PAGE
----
Yasutaka Tsutsui wrote a short story parodying his own novel titled Scenario: Toki o Kakeru Shōjo in response to the film adaptation.

1985 drama[edit]

Adapted to an episode of Getsuyō Drama Land. Starring Yoko Minamino.

1994 drama[edit]

The second live-action television adaptation aired as a five-episode Japanese television live-action TV series broadcast on Fuji Television between February 19 and March 19, 1994. It was directed by Masayuki Ochiai and Yūichi Satō, with screenplay by Ryōichi Kimizuka and music by Joe Hisaishi. It stars the then-rookie idol Yuki Uchida in the main role.

1997 film[edit]

The second live-action film adaptation of was released in Japan on November 8, 1997, directed by Haruki Kadokawa, with a screenplay by Ryōji Itō, Chiho Katsura [jp] and Haruki Kadokawa, starring beginner Nana Nakamoto [jp] in the main role.

2002 TV film[edit]

The novel was adapted into one third of the Shinshun! Love Stories anthology film starring members of the all-girl J-pop group Morning Musume. The segment was written by Toshio Terada, starring Abe Natsumi and directed by Kazuhiro Onohara.

2006 anime film[edit]

The Girl Who Leapt Through Time was produced by the animation studio Madhouse and distributed through Kadokawa Herald Pictures, first released in theaters in Japan on July 15, 2006. The film was later released on DVD on April 20, 2007 in Japan in regular and limited editions. The film features Riisa Naka, who later voices the protagonist Akari Yoshiyama in the 2010 live movie Time Traveller: The Girl Who Leapt Through Time, as the lead character, Makoto Konno, the niece of Kazuko Yoshiyama, who is the protagonist of the novel, and cousin of Akari Yoshiyama.

2010 film[edit]

A third Japanese live-action film adaptation of The Girl Who Leapt Through Time[10] was announced in Yahoo Japan and released on March 13, 2010. The theme song of the film was performed by Ikimono-gakari. The movie features Riisa Naka, who previously voiced the protagonist Makoto Konno in the 2006 animated film The Girl Who Leapt Through Time (2006 film), as the lead character, Akari Yoshiyama, the daughter of Kazuko Yoshiyama and cousin of Makoto Konno. The film is a sequel to the original tale in which Kazuko's daughter, Akari, travels back in time to relay a message to Ken.

2016 drama[edit]

A 5 episode live-action television series was aired in 2016, with Fuma Kikuchi of Sexy Zone and Yuina Kuroshima.

2017 stage play[edit]

A stage play adaptation of Zoku Time Traveler premiered in Tokyo in 2017.[11]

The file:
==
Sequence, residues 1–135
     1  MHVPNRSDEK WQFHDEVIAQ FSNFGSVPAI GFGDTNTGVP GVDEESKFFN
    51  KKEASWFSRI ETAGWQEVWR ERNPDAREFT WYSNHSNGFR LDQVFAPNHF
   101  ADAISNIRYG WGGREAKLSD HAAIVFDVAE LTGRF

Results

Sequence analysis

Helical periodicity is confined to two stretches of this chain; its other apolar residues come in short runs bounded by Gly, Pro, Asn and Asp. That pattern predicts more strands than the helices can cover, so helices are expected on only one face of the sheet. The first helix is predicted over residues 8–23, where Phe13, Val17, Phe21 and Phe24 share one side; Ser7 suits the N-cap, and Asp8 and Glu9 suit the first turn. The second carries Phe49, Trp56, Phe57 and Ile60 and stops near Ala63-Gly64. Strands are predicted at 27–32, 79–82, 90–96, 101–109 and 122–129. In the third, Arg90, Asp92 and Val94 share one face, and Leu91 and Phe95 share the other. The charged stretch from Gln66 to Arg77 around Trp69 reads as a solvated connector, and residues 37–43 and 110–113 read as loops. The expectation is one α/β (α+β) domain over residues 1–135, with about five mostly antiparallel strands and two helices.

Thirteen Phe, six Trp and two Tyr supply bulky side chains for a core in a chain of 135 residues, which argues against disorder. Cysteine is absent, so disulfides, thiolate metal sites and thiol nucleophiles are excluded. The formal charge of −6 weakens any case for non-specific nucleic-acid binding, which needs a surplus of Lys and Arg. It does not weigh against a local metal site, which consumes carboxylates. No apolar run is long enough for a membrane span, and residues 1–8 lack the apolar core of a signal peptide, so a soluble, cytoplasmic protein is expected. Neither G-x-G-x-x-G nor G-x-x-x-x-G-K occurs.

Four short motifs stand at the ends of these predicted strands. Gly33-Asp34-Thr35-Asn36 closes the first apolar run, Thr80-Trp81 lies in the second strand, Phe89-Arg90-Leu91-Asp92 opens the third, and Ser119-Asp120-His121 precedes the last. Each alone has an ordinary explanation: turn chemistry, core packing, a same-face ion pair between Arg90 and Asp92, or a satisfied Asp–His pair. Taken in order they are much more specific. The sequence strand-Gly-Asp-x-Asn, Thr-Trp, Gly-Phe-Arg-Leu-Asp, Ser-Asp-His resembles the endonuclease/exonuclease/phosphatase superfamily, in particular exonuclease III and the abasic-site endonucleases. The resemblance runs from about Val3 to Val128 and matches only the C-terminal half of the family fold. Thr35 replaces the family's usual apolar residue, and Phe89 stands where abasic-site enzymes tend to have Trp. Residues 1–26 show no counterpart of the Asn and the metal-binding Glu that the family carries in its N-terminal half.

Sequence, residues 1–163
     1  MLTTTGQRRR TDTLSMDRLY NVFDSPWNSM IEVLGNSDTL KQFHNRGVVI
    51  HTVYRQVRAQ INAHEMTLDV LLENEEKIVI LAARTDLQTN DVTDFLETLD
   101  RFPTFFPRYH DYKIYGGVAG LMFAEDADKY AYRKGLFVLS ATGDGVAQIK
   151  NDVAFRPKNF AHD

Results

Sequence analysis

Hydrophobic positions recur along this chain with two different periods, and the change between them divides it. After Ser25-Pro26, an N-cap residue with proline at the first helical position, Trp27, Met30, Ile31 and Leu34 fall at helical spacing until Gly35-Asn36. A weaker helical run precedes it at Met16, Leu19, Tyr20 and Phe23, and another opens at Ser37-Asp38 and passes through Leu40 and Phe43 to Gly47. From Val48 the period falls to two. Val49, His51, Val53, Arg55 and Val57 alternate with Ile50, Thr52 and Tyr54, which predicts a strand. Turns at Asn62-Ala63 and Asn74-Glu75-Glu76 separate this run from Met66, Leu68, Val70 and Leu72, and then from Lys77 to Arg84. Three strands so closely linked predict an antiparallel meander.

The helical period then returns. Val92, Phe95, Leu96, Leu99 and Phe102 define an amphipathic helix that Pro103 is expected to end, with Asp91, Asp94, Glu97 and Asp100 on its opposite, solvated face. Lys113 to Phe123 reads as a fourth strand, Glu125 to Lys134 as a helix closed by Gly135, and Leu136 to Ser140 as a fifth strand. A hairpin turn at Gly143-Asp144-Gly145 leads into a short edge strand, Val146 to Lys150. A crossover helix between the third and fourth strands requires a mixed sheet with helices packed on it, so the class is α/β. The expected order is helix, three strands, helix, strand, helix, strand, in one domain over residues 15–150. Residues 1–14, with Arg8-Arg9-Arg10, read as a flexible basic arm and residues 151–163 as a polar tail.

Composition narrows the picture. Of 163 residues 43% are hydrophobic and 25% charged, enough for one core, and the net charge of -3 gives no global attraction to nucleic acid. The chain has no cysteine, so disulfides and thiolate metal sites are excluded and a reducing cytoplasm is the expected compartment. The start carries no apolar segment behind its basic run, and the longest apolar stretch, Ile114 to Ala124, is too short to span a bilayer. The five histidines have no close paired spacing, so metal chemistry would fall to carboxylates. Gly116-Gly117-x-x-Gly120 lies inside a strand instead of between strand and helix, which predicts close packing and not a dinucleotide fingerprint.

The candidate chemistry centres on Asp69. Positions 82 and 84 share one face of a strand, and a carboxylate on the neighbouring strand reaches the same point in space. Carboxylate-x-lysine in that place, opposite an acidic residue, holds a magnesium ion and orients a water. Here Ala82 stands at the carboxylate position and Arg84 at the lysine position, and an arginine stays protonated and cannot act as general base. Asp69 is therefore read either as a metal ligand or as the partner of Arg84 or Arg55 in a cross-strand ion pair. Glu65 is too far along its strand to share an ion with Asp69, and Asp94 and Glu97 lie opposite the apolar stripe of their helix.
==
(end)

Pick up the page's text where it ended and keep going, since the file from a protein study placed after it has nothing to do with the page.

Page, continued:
The novel was adapted in 2004 into a two-volume manga called The Girl Who Runs Through Time (時をかける少女, Toki o Kakeru Shōjo), illustrated by Gaku Tsugano, and story by Yasutaka Tsutsui (ISBN 4-04-713620-4 & ISBN 4-04-713640-9). The manga was released in English in October 2008 by CMX Manga. A manga adaptation of the 2006 anime film was serialized in Kadokawa Shoten's Shōnen Ace manga magazine between April 26 and June 26, 2006, illustrated by Ranmaru Kotone; the chapters were later collected into a single bound volume which went on sale on July 26, 2006. Another manga, known as Toki o Kakeru Shōjo: After (時をかける少女 After), set as prelude to the 2010 film was serialized in Young Ace magazine.[12]


  1. ^ Aimed at the third year of middle school and first of high school respectively and switching between them (the Japanese school year ending and beginning in the spring) so as to follow the migrating readership.
  2. ^ "Girl Who Leapt Through Time novel translated". Anime News Network. March 6, 2011. Retrieved 7 March 2011.
  3. ^ "The Girl Who Leapt Through Time by Yasutaka Tsutsui". Alma Books. 2011. Retrieved 2015-01-11.
  4. ^ "La Traversée du temps" (in French). Retrieved 2008-06-07.
  5. ^ Heinze, Ulrich (June 2012). "Time travel topoi in Japanese manga". Japan Forum. 24 (2): 163–184. doi:10.1080/09555803.2012.671844. S2CID 143520985. Yasutaka Tsutsui's 1967 novel Toki o kakeru shōjo (The girl who leapt through time) represents the first fully formed version of time travel as exploration of self, using a radically different design for the time travel narrative, avoiding expedition to remote galaxies or eras and limiting the time jumps to the period of adolescence
  6. ^ "THE GIRL WHO LEAPT THROUGH TIME (2006)". Deptford Cinema. August 9, 2017. Retrieved 27 January 2020.
  7. ^ "THE GIRL WHO LEAPT THROUGH TIME (2006) at Deptford Cinema". TicketSource. 9 August 2017. Retrieved 27 January 2020.
  8. ^ a b Walkov, Marc (2016). "The Girl Who Leapt through Time". Far East Film Festival. Retrieved 30 April 2020.
  9. ^ "過去興行収入上位作品 一般社団法人日本映画製作者連盟". Eiren. Motion Picture Producers Association of Japan. 1983. Retrieved 30 April 2020.
  10. ^ "映画『時をかける少女』オフィシャルサイト". Archived from the original on 2010-03-01. Retrieved 2010-02-26.
  11. ^ "『時をかける少女』続編が初舞台化 主演は上白石萌歌「思い切り駆け抜けたい!」". April 2021.
  12. ^ Toki wo kakeru shoujo new movie's manga